If they can absorb Maher's injury without too many negative consequences, then they'll be right back in the mix for SFC honours.

Rathdowney-Errill, of course, are right up there too. A place in the league final shows they are still a team to be reckoned with, but there are nagging doubts about Rathdowney-Errill at the moment.

They have been trying to slowly replace some of their stalwarts from their glory years, and that takes time. The likes of Pat Mahon, Enda Meagher, Lar Mahon and Brian Campion have been outstanding for them, but they had to be replaced, and the club have done well to keep the production lines going.

However, looking at Rathdowney-Errill in the league final, they didn't look like a settled side at all, rather a mix of players just past their peak, some still a few years away from their's, and others struggling to find out exactly where they fit into the current side.

Ross King's absence for most of the group stage is a massive loss, and a heavy scoring burden will fall back on Mark Kavanagh and Paddy Purcell.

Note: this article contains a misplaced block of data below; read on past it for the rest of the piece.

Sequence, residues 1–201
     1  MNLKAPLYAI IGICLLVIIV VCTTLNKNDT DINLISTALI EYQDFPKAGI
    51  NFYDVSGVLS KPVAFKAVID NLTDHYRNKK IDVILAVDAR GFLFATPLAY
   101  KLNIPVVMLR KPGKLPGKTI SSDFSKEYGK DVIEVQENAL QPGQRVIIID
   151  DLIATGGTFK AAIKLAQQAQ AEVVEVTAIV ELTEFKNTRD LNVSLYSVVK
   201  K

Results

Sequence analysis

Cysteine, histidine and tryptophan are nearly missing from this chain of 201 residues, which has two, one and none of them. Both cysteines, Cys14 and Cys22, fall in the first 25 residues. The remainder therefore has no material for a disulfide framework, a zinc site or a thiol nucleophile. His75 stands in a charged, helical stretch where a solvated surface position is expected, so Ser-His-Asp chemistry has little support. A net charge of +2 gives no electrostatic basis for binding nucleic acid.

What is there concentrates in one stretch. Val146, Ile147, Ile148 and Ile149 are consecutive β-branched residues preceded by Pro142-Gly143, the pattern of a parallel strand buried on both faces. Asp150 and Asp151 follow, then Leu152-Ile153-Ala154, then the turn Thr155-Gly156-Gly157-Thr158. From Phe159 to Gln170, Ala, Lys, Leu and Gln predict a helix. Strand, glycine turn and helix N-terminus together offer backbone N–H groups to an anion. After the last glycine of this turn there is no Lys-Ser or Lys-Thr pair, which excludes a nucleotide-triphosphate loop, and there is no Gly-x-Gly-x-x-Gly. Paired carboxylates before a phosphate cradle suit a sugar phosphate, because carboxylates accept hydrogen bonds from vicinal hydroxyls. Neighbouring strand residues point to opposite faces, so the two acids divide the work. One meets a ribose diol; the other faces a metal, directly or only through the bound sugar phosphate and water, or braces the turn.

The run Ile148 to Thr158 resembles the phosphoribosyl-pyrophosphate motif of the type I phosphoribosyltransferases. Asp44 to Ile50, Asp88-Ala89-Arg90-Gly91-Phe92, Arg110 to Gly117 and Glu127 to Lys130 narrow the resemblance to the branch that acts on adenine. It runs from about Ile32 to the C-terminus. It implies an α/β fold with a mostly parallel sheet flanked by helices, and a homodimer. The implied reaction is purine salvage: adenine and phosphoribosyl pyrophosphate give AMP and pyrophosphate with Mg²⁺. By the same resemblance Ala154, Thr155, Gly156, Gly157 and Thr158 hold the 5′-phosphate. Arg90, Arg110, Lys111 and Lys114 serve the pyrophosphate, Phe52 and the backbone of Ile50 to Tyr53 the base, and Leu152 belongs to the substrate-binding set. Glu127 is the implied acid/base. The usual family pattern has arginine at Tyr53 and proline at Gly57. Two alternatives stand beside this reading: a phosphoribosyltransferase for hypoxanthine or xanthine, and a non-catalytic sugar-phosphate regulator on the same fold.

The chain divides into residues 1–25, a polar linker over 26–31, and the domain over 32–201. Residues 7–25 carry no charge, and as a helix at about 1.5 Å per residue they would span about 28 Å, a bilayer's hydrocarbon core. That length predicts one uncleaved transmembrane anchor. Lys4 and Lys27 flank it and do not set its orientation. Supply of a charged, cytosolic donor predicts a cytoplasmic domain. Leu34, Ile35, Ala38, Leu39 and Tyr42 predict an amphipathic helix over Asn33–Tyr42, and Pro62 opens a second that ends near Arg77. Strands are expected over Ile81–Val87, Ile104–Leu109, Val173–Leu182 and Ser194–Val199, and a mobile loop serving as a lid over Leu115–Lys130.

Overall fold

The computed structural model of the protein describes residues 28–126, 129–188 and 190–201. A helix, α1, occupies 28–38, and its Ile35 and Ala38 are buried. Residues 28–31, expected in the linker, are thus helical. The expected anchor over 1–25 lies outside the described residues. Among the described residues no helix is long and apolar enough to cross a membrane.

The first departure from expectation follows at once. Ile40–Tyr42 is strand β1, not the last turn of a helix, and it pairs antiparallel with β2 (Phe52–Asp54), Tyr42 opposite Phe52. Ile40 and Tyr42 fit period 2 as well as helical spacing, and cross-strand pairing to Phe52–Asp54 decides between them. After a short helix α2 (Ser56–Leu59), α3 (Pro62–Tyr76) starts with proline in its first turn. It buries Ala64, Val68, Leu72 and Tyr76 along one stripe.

If things do click for Rathdowney-Errill then they will obviously be a force to be reckoned with, and it was only two years ago that they played their part in the best Laois SHC final of all time, but there are still a few doubts hanging over this current side.

The team they lost to in that 2016 epic, Borris-Kilcotton, have been a little under the radar this year. Solid in the league without making the knockout stages, they usually suffer from having a good few players in with the county.

They will no doubt be disappointed with the poor effort they put up in defending their title last year, but to be fair to them, it was all new territory for the players and the club.

We expect PJ Scully to have a really good year, and if Aaron Dunphy, Neil Foyle and Joe Campion follow suit, then they'll be well set in attack.

They have strength all over the field, experience, and a good squad. They will have learned after last year just how ruthless you need to be in order to keep winning at the top level, and if they can show some of the form they showed in the latter part of the 2016 season, it'll take a good team having a good day to beat them.